The number of twin pregnancies has steadily increased over the last decade. In Europe approximately 1 in 80 pregnancies are twins and multiple births are more common nowadays. This is partly due to the increase in fertility treatment and also because women are delaying getting pregnant, thus increasing their chances of multiple pregnancy. Whatever the reason, having twins is something special.
Twin and multiple pregnancies are considered high-risk for both mother and baby. For the mother, there is an increased risk of complications, for example, gestational diabetes (see page 81), pre-eclampsia (see page 110) and anaemia. For the babies, the risk of growth restriction and pre-term labour are of particular concern. Therefore, you will be offered close antenatal care and regular scans to monitor the growth of your babies.
The first few months
In early pregnancy, an increase in common symptoms, such as pregnancy sickness or excessive tiredness, or simply an unusually large uterus, may suggest that you are carrying twins. However, the obstetrician needs to know not just how many babies there are but also the number of placentas.
In the majority of twin pregnancies, there are separate placentas (dichorionic twins). In about 20 per cent of these pregnancies, the placenta is shared (monochorionic twins). Monochorionic twins have much higher complication rates and therefore need closer monitoring.
As with one baby, twins can be screened for Down's syndrome at 11-14 weeks by looking at the nuchal translucency (see page 126). A detailed scan is also performed at 18-20 weeks. Twins are more likely to have certain structural abnormalities, for example congenital heart disease and neural tube defects (such as spina bifida).
All twins are monitored at least every 4 weeks by ultrasound to look for growth restriction. This affects about 25 per cent of dichorionic twins and almost 50 per cent of monochorionic twins. The major risk to monochorionic twins, however, is the development of twin-twin transfusion syndrome.
Twin-twin transfusion syndrome
About 15 per cent of twins who share a placenta develop a condition known as twin-twin transfusion syndrome.
Coping with twins
Having two babies is especially exciting, and even a little awesome, for both you and the people around you. It can also be overwhelming at times. If you are carrying twins, it is important to have regular antenatal checks in order to identify any potential complications. Many obstetricians recommend iron and folate supplements to prevent anaemia.
Pregnancy symptoms are often more pronounced with twins and multiple pregnancies - for example, you may experience more sickness, fatigue, heartburn, haemorrhoids - because your body is working harder and carrying more weight than during a singleton pregnancy. You are also more likely to develop high blood pressure (hypertension) and you may need to give up work earlier - many women stop work at around 26 weeks of pregnancy. Do not worry - both you and your babies will be monitored closely throughout your pregnancy.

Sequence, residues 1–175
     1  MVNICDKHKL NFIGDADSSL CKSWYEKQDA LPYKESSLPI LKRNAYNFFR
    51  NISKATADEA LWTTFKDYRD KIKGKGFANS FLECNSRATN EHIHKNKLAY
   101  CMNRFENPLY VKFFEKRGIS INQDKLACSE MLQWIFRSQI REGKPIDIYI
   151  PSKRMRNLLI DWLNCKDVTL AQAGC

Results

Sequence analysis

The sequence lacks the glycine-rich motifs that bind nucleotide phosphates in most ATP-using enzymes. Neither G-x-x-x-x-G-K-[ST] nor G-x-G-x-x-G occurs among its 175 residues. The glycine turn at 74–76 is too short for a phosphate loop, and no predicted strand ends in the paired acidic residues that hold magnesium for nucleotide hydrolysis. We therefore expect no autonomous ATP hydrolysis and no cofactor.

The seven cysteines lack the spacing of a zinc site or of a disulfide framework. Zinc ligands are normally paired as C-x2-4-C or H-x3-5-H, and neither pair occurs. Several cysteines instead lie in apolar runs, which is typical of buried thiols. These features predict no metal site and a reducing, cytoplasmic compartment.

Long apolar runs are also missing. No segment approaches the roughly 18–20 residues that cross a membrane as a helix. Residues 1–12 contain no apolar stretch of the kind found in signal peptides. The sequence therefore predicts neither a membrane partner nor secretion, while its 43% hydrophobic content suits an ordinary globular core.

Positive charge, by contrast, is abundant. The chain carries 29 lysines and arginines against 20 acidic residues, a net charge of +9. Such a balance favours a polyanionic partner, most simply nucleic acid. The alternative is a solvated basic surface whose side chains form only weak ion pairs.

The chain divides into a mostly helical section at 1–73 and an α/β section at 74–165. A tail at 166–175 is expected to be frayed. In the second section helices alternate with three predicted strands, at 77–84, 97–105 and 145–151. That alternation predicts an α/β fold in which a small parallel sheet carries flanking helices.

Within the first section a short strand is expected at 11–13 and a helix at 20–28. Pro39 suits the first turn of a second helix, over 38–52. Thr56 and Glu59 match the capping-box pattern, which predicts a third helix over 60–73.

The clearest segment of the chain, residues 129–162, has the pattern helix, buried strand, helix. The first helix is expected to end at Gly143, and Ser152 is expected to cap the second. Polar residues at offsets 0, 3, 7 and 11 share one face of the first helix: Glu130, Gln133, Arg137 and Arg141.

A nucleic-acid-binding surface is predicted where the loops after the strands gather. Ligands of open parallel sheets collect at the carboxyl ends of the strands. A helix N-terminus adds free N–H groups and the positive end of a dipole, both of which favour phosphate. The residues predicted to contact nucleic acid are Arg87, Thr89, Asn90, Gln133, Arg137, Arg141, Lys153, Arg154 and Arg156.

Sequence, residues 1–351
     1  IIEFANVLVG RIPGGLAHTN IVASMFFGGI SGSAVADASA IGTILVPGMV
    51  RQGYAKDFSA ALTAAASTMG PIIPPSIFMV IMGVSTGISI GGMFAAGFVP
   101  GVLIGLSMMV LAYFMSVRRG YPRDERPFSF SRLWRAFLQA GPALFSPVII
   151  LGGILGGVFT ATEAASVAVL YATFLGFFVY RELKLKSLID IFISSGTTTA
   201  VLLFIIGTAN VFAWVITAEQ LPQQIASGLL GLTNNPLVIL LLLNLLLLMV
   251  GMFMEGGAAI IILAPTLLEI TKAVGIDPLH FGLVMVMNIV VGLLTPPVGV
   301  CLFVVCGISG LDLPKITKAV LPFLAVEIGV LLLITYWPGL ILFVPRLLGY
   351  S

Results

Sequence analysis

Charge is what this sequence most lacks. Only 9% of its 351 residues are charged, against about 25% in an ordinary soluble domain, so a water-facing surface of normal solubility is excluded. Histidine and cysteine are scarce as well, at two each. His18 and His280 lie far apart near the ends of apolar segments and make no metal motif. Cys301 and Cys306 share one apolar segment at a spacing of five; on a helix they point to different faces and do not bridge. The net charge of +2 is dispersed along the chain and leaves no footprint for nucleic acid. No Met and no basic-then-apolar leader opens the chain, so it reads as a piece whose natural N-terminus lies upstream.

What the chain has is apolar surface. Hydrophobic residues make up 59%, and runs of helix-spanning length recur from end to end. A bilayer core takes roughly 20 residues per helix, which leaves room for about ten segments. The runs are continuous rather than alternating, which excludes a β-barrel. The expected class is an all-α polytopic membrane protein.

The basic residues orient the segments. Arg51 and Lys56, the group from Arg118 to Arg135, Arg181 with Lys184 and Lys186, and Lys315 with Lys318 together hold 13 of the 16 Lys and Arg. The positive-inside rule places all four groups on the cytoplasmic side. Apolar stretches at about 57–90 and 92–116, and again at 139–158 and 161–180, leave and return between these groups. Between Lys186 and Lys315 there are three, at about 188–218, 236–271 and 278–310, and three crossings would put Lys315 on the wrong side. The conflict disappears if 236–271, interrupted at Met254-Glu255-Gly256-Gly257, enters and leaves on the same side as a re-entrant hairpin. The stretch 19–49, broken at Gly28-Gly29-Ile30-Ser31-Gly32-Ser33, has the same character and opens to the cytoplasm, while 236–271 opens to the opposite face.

Since early delivery is much more common in twins and multiple pregnancies, you should visit the hospital to be checked over if you notice any hint of labour occurring. You are more likely to deliver early if you have a short cervix, and some hospitals offer a scan at 24 weeks to measure the length of this. Almost all twins are delivered in hospital and both of them are monitored continually throughout labour.
Take any opportunity to talk to others with twins for practical tips and advice. You could start attending a support group for the parents of twins, if there is one in your area, in order to build up a support network ready for when your babies are born.
It is even more important to maintain your energy levels by eating a healthy, balanced diet. It is often easier to digest small, frequent snacks than three main meals a day. Small meals, such as pasta or a jacket potato, based on slow-release carbohydrates will keep your energy levels higher for longer than a biscuit or doughnut, which will only give you a short 'sugar high'.
|Did you know?
The average length of a twin pregnancy is 36 weeks, and 34 weeks for triplets.
Tall women are more likely to conceive twins.
Women over 35 are more likely to have twins.
The highest rate of twins are born to Nigerian women.
Up to 22 per cent of twins are left-handed while for non-twins the rate is just under 10 per cent.
The United States has one of the highest rates for multiple births, while Japan has one of the lowest.